In most parts of Texas, flowering trees are the harbingers of the season—their blooms appear before those of many wildflowers and even before some of the trees themselves leaf out. Most of us merely note the blooms and enjoy the colors, but if you look closely, there’s much more to see. Nature writer and biologist Roland J. Wauer describes the burgeoning glory of several blooming trees in his book Heralds of Spring in Texas (Texas A&M University Press, 1999).
“Few trees display their flowers so well as flowering dogwoods,” he writes. “They often are the only trees in bloom below the Pineywoods canopy, and—because their flowers appear before their leaves, so that their lush greenery does not obscure the flowers—they put on a dazzling show of white blossoms, like bright stars on a dark night … . The blossoms last only a few days before turning a pinkish color and drying up.” Of Texas mountain laurel, which grows throughout the Hill Country and east to the Gulf Coast, he writes, “Almost everyone loves Texas mountain laurel when it is in bloom, and for many … it represents spring …. The huge clusters of deep purple to whitish flowers, which usually begin blooming in March, are outstanding. The pendant, wisterialike clusters can be ten inches long and may contain thirty-five individual flowers, each one smelling like grape Kool-Aid.”
Wauer also extols the beauty of huisache blooms: “New huisache leaves appear in Central Texas by mid-February; green-up is earlier to the south and somewhat later to the north and west. And deep rich yellow flowers, spherical heads about two-thirds of an inch across on one- to one-and-a-half-inch stalks, are not far behind. Once those trees are in flower, they seem literally to light up the surroundings, providing both color and aroma to a landscape mostly dull from winter. And rather than putting on a few scattered flowers, which could easily be missed, the huisache usually bears hundreds of flowers at once. An incredible show! They may last for several days or several weeks, depending upon the local temperatures and winds.”
Gardening guru Howard Garrett (find details about his books, radio show, and newsletter at www.dirtdoctor.com) notes that while the beautiful blooms might bring us pleasure, their real purpose is to entice pollinators—bees, wasps, moths, butterflies and other insects. He points out that all trees produce flowers of some kind; some flowers are just showier than others.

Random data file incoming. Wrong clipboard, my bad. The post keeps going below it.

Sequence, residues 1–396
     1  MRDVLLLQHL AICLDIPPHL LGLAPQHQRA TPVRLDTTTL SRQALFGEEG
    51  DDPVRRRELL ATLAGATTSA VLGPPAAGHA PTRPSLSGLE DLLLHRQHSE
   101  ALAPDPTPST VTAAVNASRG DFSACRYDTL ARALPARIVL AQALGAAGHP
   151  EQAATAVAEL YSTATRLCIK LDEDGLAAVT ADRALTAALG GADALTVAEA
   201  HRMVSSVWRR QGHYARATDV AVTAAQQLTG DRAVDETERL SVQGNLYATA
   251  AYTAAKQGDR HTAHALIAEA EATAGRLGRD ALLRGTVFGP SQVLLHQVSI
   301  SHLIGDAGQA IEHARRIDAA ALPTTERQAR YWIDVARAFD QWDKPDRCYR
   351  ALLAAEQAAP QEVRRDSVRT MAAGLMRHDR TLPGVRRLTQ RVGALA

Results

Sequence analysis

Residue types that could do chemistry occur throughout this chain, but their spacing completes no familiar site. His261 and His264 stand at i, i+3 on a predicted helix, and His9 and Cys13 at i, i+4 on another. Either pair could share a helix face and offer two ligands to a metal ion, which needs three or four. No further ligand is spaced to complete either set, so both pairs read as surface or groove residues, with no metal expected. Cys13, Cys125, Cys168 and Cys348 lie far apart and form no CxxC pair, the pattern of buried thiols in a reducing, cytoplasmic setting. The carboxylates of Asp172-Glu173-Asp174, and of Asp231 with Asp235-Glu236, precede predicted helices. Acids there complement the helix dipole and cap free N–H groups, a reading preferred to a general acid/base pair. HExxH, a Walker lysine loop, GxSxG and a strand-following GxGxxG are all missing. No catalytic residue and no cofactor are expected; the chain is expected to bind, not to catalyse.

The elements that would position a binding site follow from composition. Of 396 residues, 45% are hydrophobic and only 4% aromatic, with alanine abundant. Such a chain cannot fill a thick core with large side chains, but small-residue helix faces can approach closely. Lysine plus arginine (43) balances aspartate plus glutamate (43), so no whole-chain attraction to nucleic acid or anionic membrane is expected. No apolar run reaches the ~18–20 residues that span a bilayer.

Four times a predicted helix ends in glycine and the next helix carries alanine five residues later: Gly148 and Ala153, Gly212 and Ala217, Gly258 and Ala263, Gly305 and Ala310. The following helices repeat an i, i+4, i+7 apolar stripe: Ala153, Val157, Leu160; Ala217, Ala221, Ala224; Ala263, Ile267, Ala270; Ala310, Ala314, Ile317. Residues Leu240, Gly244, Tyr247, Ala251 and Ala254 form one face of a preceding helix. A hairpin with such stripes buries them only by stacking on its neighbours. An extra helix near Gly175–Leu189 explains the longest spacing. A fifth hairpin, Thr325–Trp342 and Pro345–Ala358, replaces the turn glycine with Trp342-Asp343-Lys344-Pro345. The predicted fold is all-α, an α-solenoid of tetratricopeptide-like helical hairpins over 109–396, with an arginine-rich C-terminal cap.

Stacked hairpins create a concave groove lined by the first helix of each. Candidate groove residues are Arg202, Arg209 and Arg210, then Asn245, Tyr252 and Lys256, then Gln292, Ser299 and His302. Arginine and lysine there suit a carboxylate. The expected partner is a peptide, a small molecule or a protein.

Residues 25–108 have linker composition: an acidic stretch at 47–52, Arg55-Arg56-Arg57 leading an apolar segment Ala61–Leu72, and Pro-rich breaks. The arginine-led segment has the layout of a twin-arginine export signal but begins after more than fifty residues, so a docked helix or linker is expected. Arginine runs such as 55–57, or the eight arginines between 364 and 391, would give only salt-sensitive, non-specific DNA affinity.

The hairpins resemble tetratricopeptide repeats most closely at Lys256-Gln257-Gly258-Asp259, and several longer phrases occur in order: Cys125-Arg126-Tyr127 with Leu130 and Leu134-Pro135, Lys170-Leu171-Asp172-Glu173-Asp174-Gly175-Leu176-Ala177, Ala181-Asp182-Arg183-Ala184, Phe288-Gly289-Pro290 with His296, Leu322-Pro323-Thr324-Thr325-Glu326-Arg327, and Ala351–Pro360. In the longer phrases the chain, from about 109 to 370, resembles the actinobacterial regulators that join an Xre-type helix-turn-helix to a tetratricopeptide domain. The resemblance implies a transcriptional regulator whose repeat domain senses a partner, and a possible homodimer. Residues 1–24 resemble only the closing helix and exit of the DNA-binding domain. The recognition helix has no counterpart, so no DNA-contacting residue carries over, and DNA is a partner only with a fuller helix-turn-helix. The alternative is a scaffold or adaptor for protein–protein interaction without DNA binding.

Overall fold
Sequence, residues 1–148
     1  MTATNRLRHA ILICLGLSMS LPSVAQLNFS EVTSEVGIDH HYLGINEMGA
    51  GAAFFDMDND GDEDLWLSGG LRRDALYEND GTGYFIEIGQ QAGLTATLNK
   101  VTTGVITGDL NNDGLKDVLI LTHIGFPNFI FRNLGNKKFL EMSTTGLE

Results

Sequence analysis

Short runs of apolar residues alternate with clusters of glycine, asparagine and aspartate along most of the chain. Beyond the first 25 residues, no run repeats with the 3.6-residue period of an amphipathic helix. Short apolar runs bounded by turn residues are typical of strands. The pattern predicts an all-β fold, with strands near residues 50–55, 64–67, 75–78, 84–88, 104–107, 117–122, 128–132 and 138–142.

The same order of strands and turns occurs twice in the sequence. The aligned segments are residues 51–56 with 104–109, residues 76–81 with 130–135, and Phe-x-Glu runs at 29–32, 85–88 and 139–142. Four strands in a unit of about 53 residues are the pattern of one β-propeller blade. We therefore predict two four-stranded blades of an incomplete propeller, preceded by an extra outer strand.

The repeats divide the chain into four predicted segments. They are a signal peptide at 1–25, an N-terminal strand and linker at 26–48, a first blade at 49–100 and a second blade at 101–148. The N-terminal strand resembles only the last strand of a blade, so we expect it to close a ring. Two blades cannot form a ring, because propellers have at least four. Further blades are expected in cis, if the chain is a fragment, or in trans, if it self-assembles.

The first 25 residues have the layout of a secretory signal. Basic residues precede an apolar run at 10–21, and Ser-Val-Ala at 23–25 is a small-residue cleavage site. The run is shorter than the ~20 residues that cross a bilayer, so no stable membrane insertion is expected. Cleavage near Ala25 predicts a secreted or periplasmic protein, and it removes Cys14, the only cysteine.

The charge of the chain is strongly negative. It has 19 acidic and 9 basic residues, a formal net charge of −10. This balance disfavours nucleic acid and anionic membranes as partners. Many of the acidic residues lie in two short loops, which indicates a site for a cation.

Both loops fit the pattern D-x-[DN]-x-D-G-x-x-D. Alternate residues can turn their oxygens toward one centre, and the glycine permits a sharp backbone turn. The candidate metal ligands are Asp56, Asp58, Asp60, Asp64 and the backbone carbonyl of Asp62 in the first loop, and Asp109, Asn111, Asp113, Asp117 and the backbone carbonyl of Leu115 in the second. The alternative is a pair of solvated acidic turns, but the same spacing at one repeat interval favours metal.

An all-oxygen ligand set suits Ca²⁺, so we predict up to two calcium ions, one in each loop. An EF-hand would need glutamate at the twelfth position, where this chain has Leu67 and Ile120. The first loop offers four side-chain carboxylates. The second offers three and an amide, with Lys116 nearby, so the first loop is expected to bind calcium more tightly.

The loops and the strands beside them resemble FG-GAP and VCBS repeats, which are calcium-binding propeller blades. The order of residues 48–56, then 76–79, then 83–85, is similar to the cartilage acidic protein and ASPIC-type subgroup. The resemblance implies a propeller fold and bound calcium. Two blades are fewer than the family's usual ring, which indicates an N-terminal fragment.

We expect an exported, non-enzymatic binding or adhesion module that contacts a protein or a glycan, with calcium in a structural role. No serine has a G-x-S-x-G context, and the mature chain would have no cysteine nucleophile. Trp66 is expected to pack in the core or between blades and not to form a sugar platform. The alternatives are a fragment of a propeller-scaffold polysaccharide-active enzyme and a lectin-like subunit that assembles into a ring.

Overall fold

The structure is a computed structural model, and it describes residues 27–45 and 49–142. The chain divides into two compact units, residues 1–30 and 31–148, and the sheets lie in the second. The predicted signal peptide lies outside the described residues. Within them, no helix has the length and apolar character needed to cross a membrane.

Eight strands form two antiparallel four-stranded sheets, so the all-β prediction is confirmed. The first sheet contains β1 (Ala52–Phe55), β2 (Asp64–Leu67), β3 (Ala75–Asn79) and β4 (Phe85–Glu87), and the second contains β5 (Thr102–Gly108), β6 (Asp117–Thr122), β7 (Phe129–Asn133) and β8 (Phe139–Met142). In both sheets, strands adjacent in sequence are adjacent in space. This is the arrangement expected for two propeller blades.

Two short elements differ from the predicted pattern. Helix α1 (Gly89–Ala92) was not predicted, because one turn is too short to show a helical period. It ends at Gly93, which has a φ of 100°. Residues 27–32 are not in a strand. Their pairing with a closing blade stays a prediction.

Not only do flowering trees spruce up the spring landscape, says Garrett, but “the trees with the most extravagant blooms often have beautiful fall color, too.” One of his landscaping favorites, for that reason, is rusty blackhaw viburnum. “It has clusters of small, white flowers in the spring,” he notes. “The leaves are dark green and glossy in the summer and range from pink to red to dark purple in the fall. It’s beautiful from mid-spring to the first hard frost.”
He also favors desert willow and flowering dogwood. Garrett says that although this dogwood species’ natural habitat is East Texas, it can thrive in other areas, too. He adds, “It has spectacular spring flowers, and then red fruit develops over the summer that birds and other wildlife like to eat, followed by shiny, red seedpods that last over the winter.”
Garrett (aka The Dirt Doctor) also likes Texas madrones for the long-lasting punch they provide. “They have creamy-white blooms from February through April,” he says, “and a fleshy, edible fruit that forms from October to December. Even the bark is beautiful, ranging from white to orange to apricot and tan and even dark brick-red; it’s showiest in the winter.
“Kidneywood is also high on my list,” continues Garrett. “The blooms, which are most pronounced in late summer, range from pale yellow to white, and look light and lacy, similar to bottlebrush blooms. Not only are the flowers pretty, they’re very fragrant. Sometimes they begin blooming in May and continue through September.”
It doesn’t take long to figure out that there are few blooming trees that aren’t high on the Dirt Doctor’s list. (He also mentions redbud, Texas mountain laurel, scarlet buckeye, Texas buckeye, Mexican buckeye, wild olive, golden ball lead tree, and even the much-maligned mesquite.) His all-time favorite is the catalpa, though, for its smooth bark, sparse limbs, and the memories it conjures up of the catalpas he climbed at his childhood home in Pittsburg, Texas. It’s a case of history trumping horticulture.
No matter what your preferences when it comes to blooming trees, enjoy watching for those first thrilling blossoms of the season. As common as this age-old ritual is throughout the world, it still inspires hope with the promise of new beginnings, and isn’t that what spring is all about?